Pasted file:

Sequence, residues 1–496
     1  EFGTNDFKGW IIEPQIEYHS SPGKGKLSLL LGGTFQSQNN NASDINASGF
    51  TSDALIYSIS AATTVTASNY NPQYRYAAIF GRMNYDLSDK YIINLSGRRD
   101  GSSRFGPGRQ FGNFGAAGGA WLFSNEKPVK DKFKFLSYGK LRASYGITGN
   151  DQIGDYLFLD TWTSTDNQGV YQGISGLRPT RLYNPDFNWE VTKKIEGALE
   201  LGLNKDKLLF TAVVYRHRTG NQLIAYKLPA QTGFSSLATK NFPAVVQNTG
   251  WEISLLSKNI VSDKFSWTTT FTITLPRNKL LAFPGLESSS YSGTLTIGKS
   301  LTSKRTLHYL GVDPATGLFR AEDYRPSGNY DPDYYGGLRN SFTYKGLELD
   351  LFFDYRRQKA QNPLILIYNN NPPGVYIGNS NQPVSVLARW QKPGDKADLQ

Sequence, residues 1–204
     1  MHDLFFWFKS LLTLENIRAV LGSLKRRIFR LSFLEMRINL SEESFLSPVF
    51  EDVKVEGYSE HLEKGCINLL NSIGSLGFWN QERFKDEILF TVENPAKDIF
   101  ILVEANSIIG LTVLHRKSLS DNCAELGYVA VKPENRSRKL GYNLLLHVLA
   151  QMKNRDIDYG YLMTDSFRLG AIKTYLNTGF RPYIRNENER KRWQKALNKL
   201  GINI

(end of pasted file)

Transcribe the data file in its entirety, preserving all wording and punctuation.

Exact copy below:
Sequence, residues 1–496
     1  EFGTNDFKGW IIEPQIEYHS SPGKGKLSLL LGGTFQSQNN NASDINASGF
    51  TSDALIYSIS AATTVTASNY NPQYRYAAIF GRMNYDLSDK YIINLSGRRD
   101  GSSRFGPGRQ FGNFGAAGGA WLFSNEKPVK DKFKFLSYGK LRASYGITGN
   151  DQIGDYLFLD TWTSTDNQGV YQGISGLRPT RLYNPDFNWE VTKKIEGALE
   201  LGLNKDKLLF TAVVYRHRTG NQLIAYKLPA QTGFSSLATK NFPAVVQNTG
   251  WEISLLSKNI VSDKFSWTTT FTITLPRNKL LAFPGLESSS YSGTLTIGKS
   301  LTSKRTLHYL GVDPATGLFR AEDYRPSGNY DPDYYGGLRN SFTYKGLELD
   351  LFFDYRRQKA QNPLILIYNN NPPGVYIGNS NQPVSVLARW QKPGDKADLQ

Sequence, residues 1–204
     1  MHDLFFWFKS LLTLENIRAV LGSLKRRIFR LSFLEMRINL SEESFLSPVF
    51  EDVKVEGYSE HLEKGCINLL NSIGSLGFWN QERFKDEILF TVENPAKDIF
   101  ILVEANSIIG LTVLHRKSLS DNCAELGYVA VKPENRSRKL GYNLLLHVLA
   151  QMKNRDIDYG YLMTDSFRLG AIKTYLNTGF RPYIRNENER KRWQKALNKL
   201  GINI